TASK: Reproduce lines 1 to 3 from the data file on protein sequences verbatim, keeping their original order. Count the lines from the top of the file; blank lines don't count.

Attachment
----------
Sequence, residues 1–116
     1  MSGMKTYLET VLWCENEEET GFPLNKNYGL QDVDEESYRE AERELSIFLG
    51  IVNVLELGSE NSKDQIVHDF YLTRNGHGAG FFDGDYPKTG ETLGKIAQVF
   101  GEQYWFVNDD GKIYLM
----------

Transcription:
Sequence, residues 1–116
     1  MSGMKTYLET VLWCENEEET GFPLNKNYGL QDVDEESYRE AERELSIFLG
    51  IVNVLELGSE NSKDQIVHDF YLTRNGHGAG FFDGDYPKTG ETLGKIAQVF